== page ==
Posted in Government Waste | Tagged: Fed, Government, HUD, shelter, transgender | Leave a Comment »
Posted by Steve Markowitz on September 10, 2015
Defined benefit pension plans are a thing of the past for most private companies. Those plans guarantee payments to retired employees based on years of service. While a wonderful concept that was viable when American industry had little competition following World War II, these plans became untenable as worldwide competition increased. As a result, most American businesses that offer pension plans have moved to 401(k) &plans whose funding requirements are more flexible and can be kept in line with a company’s economic realities.
In defined benefit pension plans, the real costs are hidden within complex actuarial tables that require assumptions on long-term returns. Should the assumptions be overly optimistic, which they often are, what may look like a financially healthy company quickly become insolvent.
While most of the private sector has addressed its pension responsibilities, the public sector still offers many governmental employees defined benefit pension plans. This has created a dangerous economic model for many municipal and state governments, which is being exasperated by decreasing returns for pension plan investments.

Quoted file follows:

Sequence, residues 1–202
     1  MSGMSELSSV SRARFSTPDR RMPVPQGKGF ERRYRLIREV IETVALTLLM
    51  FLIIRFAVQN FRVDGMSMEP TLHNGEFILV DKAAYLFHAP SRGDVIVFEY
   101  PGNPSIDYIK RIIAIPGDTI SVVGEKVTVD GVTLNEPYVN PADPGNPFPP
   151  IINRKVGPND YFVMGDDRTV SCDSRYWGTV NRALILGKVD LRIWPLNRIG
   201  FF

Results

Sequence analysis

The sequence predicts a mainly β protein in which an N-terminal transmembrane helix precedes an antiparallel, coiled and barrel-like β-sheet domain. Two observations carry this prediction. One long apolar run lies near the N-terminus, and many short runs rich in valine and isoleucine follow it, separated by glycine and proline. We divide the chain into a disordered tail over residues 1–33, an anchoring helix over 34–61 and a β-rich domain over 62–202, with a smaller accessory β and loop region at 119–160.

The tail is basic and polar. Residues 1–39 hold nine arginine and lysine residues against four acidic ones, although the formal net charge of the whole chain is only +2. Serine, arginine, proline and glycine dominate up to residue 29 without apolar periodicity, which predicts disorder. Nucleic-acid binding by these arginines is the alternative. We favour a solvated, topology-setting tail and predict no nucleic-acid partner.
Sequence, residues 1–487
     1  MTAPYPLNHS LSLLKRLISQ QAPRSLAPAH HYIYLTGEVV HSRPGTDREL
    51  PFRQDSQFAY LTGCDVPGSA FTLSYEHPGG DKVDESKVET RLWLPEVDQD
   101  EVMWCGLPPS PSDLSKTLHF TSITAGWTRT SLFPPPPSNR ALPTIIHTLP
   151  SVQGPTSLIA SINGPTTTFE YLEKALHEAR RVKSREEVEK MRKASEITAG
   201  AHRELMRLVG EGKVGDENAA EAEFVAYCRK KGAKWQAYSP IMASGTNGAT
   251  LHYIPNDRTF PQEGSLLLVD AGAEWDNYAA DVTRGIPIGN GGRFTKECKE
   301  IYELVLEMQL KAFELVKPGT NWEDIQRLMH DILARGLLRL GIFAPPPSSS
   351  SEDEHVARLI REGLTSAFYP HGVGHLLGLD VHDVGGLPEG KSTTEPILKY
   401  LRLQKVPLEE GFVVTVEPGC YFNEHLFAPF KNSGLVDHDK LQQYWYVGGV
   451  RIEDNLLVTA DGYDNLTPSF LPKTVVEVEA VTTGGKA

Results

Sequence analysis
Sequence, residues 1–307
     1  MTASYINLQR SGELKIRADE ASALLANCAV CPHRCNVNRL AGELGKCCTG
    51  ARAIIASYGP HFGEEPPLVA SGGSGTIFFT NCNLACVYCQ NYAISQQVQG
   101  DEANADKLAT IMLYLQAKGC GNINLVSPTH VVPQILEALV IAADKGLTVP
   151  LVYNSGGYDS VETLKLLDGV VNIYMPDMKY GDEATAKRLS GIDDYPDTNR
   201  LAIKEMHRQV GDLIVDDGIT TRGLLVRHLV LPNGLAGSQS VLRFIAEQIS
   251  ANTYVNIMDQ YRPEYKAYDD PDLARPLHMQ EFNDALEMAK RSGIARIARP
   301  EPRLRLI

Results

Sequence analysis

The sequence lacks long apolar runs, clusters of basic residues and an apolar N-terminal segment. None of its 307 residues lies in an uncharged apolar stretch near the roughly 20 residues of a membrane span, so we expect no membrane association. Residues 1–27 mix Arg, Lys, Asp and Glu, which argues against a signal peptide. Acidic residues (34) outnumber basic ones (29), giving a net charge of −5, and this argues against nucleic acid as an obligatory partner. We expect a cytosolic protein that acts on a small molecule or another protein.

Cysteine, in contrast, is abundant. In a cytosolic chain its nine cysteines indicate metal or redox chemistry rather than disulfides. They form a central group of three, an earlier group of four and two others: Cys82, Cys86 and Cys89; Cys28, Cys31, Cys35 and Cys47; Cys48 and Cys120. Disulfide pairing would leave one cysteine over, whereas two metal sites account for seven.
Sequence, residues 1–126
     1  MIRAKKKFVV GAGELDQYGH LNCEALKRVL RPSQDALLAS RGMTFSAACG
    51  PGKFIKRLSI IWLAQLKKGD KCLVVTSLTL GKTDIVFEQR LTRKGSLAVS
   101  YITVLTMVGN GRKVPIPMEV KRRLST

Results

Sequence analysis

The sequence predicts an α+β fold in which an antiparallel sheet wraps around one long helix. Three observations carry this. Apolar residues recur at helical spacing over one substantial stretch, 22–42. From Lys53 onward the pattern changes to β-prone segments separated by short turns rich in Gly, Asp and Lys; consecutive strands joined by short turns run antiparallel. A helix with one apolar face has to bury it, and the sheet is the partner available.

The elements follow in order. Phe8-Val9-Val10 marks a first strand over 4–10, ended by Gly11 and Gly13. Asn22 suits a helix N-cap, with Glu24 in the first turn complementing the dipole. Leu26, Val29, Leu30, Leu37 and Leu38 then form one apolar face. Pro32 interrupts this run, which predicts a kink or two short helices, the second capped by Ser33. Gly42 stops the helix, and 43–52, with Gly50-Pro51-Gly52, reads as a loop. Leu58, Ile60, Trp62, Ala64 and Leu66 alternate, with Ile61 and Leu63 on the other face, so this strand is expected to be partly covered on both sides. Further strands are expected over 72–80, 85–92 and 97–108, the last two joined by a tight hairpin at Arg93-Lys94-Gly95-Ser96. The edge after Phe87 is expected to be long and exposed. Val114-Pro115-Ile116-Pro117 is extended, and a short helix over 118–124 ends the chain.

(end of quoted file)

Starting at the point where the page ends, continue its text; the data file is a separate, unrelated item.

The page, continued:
Timothy W. Martin’s recent article in the Wall Street Journal highlights the growing problem of public-sector pension plans. The problem is being brought to a head as long-term plan assumptions by necessity are being decreased due to the long term economic downturn and low interest rates available on fixed income investments.
Historically, annual pension return assumptions have been set at 8%. This assumption was used to calculate the rate of growth of pension fund investments. This rate of return has not obtainable for some years. However, the 8% return rate assumption was maintained by pension fund managers as a way of masking problems within their funds. As a result, states and municipalities were able to underfund their plans and push liabilities off to a future time. That time is rapidly approaching.